Another fire season is upon us, and bushfires continue to threaten lives and property across southern Australia. In the face of this, it's tempting to call for more fuel reduction burns to contain, or even eliminate, bushfires. But how effective is fuel reduction burning in achieving this? The best and latest research suggests it has serious limitations, but there are things we can do to help that situation.
Bushfires are a natural part of the life of Victoria's forests. Our native plants and animals have evolved strategies over millennia to cope with bushfires. And people have devised various strategies, also over millennia, to manage fire.
Planned burning is a vital tool in managing the risks to people posed by bushfires. The Victorian Bushfires Royal Commission, established after Black Saturday, recommended an annual burn target of 5 per cent of public land (about 390,000 hectares) across Victoria. But it also recommended monitoring of the program's effectiveness and impacts.
This scrutiny has shown that the program has been far from ideal. Former police chief Neil Comrie, the Royal Commission's independent monitor, said in three successive reports that the target was not achievable, affordable or sustainable, and had potential adverse environmental outcomes. That matched the Environment Department's most recent assessment of its efforts; Victoria's fuel reduction program on public land had failed to achieve its two main objectives: protection of life and property, and protection of the environment.
There are several reasons for this, all supported by peer-reviewed scientific research. First, planned burns only significantly reduce fuel in the undergrowth for about three years. Burning most public land in the state every few years would be impossible, as suitable weather conditions are rare, and under climate change likely to be rarer still. Moreover, the impacts of such frequent fire on Victoria's native plants and animals would be considerable, and in some instances terminal.
Research also tells us that the most effective fuel reduction burns are those close to the assets we are trying to protect. But the 390,000-hectare target discouraged those smaller, more difficult and expensive burns. And we have largely ignored planned burns on private land.
Studies have also shown clearly that fuel reduction burns are useful in controlling moderate fires, but less effective in containing blazes in severe fire weather, when even grass fires are perilous and bushfires are likely to roar through the tree canopy. It seems our most favoured fire management tool is least useful when we need it most, and very expensive where we need it most.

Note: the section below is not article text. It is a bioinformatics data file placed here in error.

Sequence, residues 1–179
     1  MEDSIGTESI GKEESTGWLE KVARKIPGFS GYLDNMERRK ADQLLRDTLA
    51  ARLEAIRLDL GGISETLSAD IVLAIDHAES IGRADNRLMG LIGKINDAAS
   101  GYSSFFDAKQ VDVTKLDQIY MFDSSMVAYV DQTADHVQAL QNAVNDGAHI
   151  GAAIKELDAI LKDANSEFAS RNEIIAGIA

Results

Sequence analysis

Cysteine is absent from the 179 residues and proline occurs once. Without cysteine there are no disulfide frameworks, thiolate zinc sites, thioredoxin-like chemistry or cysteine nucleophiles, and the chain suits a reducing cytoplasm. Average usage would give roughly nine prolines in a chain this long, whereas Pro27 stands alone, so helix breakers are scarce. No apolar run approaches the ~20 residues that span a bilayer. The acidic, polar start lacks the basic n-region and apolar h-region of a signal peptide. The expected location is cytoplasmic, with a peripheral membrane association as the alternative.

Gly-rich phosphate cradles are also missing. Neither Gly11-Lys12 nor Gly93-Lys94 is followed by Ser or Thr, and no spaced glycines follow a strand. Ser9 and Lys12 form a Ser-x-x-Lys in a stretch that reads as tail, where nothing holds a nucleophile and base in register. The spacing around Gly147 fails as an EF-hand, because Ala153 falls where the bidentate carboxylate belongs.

Other studies have shown that controlling ignition points is a very cost-effective way to manage fires. That can mean a strong police presence and fixed cameras where fire bugs operate. It can also mean more resources and skilled operators engaging in rapid aerial attack on a fire's source. On Black Saturday a fortuitously located helicopter put out a blaze as it started in the Dandenongs, probably saving hundreds of lives. Little has been said of the cost-effectiveness of that intervention, but a similar capacity for action across Victoria could be very useful.
And we seem to have forgotten the commission's urgent recommendations for approved designs for private bushfire shelters, or planning restrictions on housing in vulnerable areas.
We have learnt a lot since the terrors of Black Saturday. But as Neil Comrie counselled: "…it is important to understand that all 67 Victorian Bushfires Royal Commission recommendations are inextricably interdependent."
Does this mean we should not use strategic fuel reduction burning to manage fire? Definitely not. However, appreciating its limits will be vital to effective fire management in Victoria. It's time for a reassessment of all of our options, framing the right mix of solutions for local situations. If we do that, we just might manage to look after our community well, and also hand on our natural heritage to the next generation.
Philip Ingamells is the spokesman on park protection and fire management for the Victorian National Parks Association